Living lasers, scuba diving spiders and magnetic blood flow

Tim’s blog

This week on radio, Tim Thwaites is talking about living lasers; scuba diving spiders; magnetic blood flow; genes that make you unfaithful; and more

Human cell becomes a living laser—Scientists have for the first time created laser light using living biological material—a single human cell and some jellyfish protein. Such living lasers could be used in new types of sensors or to trigger light-sensitive drugs deep inside the body. They might also be used for communicating between the body and bionic devices, say the American inventors.—Nature Photonics

A Nature story on this topic can be found at http://www.nature.com/news/2011/110612/full/news.2011.365.html

Magnets keep the blood flowingTwo US physicists have found that strong magnetic fields can dramatically reduce the viscosity or gluginess of blood flowing through a tube. If the same is true of blood vessels, it may be possible to develop a magnetic alternative to the drugs designed to keep blood flowing in humans, thus preventing heart attacks and strokes. The researchers think the magnetic effect has something to do with the iron in blood.—Physical Review E

A Science story on this topic can be found at http://news.sciencemag.org/sciencenow/2011/06/magnets-keep-blood-flowing-1.html?ref=hp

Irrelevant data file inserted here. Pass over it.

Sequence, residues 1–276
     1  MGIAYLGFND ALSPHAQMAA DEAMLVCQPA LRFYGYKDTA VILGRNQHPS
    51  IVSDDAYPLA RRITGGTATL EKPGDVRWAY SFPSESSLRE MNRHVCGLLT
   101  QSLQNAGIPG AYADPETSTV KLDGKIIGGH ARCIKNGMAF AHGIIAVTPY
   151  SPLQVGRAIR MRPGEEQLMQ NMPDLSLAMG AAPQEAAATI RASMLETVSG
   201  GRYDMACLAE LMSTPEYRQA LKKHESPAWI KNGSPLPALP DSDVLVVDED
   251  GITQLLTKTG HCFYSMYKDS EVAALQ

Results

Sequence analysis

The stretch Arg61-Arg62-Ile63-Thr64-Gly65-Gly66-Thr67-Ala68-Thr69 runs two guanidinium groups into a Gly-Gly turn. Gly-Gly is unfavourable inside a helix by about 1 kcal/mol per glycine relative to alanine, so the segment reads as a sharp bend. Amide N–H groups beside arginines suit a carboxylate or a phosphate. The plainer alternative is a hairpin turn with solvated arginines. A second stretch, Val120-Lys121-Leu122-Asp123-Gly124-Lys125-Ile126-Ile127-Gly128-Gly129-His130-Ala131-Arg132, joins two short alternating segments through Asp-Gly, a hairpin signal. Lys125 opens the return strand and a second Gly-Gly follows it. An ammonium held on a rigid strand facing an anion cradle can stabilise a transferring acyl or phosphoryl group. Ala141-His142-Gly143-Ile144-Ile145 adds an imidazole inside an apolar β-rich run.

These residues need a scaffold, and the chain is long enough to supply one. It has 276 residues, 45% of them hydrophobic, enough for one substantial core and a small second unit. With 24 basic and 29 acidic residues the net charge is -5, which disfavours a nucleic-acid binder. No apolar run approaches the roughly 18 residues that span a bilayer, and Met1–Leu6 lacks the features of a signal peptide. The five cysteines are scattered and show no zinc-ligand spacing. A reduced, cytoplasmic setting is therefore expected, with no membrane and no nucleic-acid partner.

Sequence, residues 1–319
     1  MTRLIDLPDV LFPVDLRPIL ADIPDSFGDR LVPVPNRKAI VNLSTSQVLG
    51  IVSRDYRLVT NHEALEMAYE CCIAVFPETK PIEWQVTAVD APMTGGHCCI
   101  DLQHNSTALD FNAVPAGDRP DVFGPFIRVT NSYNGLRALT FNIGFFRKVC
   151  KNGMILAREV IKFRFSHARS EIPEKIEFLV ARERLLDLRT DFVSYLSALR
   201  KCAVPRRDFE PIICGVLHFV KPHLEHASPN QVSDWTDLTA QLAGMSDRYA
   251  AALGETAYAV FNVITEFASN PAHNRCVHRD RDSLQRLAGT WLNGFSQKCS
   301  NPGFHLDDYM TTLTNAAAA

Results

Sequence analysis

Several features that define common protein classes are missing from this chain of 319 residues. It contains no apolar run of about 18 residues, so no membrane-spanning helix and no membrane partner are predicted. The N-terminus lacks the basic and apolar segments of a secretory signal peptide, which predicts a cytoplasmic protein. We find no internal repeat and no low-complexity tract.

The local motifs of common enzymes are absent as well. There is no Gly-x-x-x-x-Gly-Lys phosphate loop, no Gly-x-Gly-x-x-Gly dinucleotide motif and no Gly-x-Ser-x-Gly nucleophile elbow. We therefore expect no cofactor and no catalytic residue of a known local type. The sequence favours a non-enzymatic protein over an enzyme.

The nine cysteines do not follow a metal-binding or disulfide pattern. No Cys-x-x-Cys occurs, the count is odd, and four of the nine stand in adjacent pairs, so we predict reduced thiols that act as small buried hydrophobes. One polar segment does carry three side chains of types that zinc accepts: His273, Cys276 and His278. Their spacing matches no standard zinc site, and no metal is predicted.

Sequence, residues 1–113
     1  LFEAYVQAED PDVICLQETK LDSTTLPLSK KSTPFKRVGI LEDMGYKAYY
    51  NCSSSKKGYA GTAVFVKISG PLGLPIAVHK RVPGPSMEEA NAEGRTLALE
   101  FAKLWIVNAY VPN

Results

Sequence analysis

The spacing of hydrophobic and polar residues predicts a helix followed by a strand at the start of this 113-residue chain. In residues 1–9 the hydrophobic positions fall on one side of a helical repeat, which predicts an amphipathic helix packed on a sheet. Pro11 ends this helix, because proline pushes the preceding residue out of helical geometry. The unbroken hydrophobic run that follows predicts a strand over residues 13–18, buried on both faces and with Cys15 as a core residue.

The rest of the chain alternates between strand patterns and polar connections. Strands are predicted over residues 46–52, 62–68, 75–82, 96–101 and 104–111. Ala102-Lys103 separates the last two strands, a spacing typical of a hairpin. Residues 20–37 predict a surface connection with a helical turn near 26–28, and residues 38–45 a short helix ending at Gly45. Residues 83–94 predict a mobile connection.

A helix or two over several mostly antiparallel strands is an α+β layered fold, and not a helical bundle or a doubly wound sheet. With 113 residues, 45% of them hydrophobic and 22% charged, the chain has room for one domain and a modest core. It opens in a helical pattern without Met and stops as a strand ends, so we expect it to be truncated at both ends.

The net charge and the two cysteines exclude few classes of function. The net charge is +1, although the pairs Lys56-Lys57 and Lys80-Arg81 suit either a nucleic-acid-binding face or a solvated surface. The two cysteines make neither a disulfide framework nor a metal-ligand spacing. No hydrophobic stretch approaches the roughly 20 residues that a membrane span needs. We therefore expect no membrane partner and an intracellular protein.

Stem cells patch up “broken” heartA natural protein can activate stem cells present in mouse hearts to replace damaged tissue with new muscle cells, British researchers have discovered. The protein seems to wake up heart stem cells, which are not usually active enough in adults to repair damage.—Nature

A Nature story on this topic can be found at http://www.nature.com/news/2011/110608/full/news.2011.355.html

The spider that spins itself an aqualungAn Adelaide researcher and his German colleague have unravelled the mystery of how the diving bell spider can spend its entire life underwater. It spins a web to which it can attach a bubble of air from the surface that then acts like a gill. As the bubble is emptied of oxygen, more flows in from the surrounding water.—Journal of Experimental Biology

A Science story on this topic can be found at http://news.sciencemag.org/sciencenow/2011/06/spiders.html?ref=hp

What makes a finch unfaithful?We all think we know why males tend to be unfaithful—after all, in most species they can sow their wild oats and not suffer many consequences. But what’s in it for the female? Bird researchers in Germany think they may have found an answer in Australian zebra finches—genes which encourage promiscuity. (“Blame it all on my parents.”)—Proceedings of the National Academy of Sciences

A New Scientist story on this topic can be found at http://www.newscientist.com/article/dn20566-why-female-zebra-finches-cheat-on-their-partners.html?full=true&print=true

Chips for dinner?—Tiny radio frequency identification (RFID) chips are the greatest thing since sliced bread for tracking. But what if they actually were in sliced bread? A student at the Royal College of Art in London has come up with a design for an edible RFID chip. He reckons it could send information to computers and mobile phones about ingredients which would be useful for those who have allergies or are on a diet. Or maybe it could tell you if the food has gone off—New Scientist

A New Scientist story on this topic can be found at http://www.newscientist.com/blogs/onepercent/2011/06/chips-for-dinner-edible-rfid-t.html